Pet Care Power of Attorney

pet care power of attorneyPet Care Power of Attorney

A Pet Care Power of Attorney allows a pet owner (principal) to appoint a caregiver as agent or attorney-in-fact to take care of a pet when the owner is not available or not able to provide care due to work, other duties, travel, vacation, illness, injury or incapacity.

The power of attorney can be limited or broad, covering one or more categories of care including food, shelter, boarding, grooming, exercising, routine and emergency medical care and final disposition if the pet dies.

U.S. Pet Market Statistics

In the U.S., about 62% of households own pets, with dogs in 37%, cats in 30%, fish in 7%, birds in 3% and horses in 1.6% of households. Many households own multiple pets.

Households with dogs, cats, and horses average two visits to the veterinarian each year, with annual routine vet expenses of $100 to $200 per year.

For 2017, U.S. households will spend $69 billion on pets for food $30 billion, veterinarians $17 billion, supplies/OTC medicine $15 billion, live animal purchases $2 billion and other services $6 billion. The average annual cost of owning a dog is $1100 and $800 for a cat.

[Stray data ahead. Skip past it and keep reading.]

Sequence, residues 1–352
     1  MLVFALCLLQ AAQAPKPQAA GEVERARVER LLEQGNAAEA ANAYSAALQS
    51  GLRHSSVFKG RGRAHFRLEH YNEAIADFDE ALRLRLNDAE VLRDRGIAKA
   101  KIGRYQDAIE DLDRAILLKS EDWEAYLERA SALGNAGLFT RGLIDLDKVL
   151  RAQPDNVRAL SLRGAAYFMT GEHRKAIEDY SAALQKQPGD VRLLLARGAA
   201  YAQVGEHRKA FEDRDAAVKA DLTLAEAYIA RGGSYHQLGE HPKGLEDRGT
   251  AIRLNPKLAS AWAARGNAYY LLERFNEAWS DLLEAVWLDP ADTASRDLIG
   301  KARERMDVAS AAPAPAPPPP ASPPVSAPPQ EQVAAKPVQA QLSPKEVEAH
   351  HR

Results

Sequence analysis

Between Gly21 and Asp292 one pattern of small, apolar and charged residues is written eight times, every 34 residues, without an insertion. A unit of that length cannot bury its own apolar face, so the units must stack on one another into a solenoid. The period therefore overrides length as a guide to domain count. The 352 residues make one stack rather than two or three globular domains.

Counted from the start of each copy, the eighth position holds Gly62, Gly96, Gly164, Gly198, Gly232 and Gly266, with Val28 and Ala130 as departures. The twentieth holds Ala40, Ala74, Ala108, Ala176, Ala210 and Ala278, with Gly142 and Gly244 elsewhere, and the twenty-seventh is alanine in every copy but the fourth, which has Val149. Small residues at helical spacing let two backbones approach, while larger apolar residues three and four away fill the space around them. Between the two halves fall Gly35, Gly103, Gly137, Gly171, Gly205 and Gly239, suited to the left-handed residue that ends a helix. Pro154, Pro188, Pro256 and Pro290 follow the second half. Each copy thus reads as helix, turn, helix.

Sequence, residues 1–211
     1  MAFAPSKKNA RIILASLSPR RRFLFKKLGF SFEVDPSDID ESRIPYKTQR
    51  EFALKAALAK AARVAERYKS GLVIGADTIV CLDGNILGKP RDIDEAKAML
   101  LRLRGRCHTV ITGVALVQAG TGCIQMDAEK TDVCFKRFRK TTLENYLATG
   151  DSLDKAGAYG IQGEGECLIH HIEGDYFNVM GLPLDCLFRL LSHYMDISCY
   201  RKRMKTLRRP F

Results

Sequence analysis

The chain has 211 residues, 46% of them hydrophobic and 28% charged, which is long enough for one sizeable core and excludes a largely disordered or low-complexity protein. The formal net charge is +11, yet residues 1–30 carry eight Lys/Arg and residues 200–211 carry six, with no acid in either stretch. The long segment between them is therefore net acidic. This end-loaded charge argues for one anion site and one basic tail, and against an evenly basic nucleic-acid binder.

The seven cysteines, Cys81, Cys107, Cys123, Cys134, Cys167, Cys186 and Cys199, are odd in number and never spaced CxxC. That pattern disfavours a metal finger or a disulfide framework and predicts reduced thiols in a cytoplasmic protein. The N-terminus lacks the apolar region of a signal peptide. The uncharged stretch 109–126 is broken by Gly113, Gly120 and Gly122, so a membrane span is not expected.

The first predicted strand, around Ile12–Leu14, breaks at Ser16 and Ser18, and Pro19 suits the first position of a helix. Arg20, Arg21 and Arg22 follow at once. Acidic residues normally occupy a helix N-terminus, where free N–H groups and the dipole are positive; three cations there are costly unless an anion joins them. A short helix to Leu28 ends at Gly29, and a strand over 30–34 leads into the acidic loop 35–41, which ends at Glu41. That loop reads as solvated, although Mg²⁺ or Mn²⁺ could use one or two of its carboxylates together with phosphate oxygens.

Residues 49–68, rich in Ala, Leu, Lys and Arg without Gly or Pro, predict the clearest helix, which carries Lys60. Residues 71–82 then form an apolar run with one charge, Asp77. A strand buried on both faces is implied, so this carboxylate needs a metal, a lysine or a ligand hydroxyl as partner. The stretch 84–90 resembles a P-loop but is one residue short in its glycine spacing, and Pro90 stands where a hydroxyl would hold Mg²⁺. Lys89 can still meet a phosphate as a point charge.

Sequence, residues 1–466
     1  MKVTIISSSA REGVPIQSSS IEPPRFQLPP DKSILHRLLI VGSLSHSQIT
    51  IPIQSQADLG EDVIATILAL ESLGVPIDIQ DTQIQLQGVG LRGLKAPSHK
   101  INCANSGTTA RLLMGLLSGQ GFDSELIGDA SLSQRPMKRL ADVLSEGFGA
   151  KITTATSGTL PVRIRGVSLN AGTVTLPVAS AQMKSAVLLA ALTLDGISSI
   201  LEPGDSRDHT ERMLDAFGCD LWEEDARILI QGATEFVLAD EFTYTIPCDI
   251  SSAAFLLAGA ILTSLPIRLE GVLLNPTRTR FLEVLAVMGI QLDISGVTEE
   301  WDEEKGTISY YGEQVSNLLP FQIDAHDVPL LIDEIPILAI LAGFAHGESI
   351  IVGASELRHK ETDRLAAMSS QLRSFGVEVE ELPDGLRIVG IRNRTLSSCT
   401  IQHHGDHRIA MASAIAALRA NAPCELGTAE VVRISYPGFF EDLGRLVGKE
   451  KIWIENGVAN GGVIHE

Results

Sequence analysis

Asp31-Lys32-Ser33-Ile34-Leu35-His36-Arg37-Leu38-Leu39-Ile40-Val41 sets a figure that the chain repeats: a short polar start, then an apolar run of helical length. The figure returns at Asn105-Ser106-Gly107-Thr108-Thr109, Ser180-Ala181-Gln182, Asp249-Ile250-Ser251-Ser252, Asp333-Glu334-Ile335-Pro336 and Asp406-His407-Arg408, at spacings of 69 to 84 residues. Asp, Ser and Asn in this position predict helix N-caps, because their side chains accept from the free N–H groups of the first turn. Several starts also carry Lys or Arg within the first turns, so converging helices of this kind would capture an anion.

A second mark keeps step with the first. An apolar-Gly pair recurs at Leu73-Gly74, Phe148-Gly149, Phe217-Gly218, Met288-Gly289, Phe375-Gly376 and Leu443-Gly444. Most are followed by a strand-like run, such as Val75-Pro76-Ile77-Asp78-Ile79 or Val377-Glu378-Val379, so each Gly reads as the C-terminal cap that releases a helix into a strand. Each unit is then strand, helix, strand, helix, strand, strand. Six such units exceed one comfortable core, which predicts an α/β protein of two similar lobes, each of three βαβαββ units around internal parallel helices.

Types of Care Agreements

Different situations use different types of pet agreements. A power of attorney is often used when a trusted family member or friend will provide care when you are unable to provide care. There is usually no compensation paid, only reimbursement for any expenses paid by the agent. You can estimate the monthly pet expenses and provide the funds in an account.

See sample Pet Care Power of Attorney, Notarized.

If there is no family member or friend available to look after your pet, you might hire a paid professional caregiver or pet boarding business and use a pet care agreement. They will likely have their own written agreement. Include provisions for routine and emergency medical care at a vet in case it is needed.

See sample Pet Care Agreement, Notarized.

Or, you may wish to sell the pet, using a Bill of Sale for Personal Property.

For estate planning, when you become incapacitated or die, a pet care trust or a pet protection agreement may be used to provide care in your absence.

See sample Pet Protection Agreement or buy a Pet Protection Agreement from LegalZoom.

It is good practice to use a notary to notarize a power of attorney or agreement. A service provider or document recipient may require a notarized POA.

Image credits:
1. black cat, openclipart.org, CC0 1.0, GDJ, Elegant Cat Silhouette from Pixabay
2. green parrot, openclipart.org, CC0 1.0, Machovka, green parrot with blue-grey head
3. golden retriever, openclipart.org, CC0 1.0, Firkin, from a public domain drawing on Wikimedia Commons

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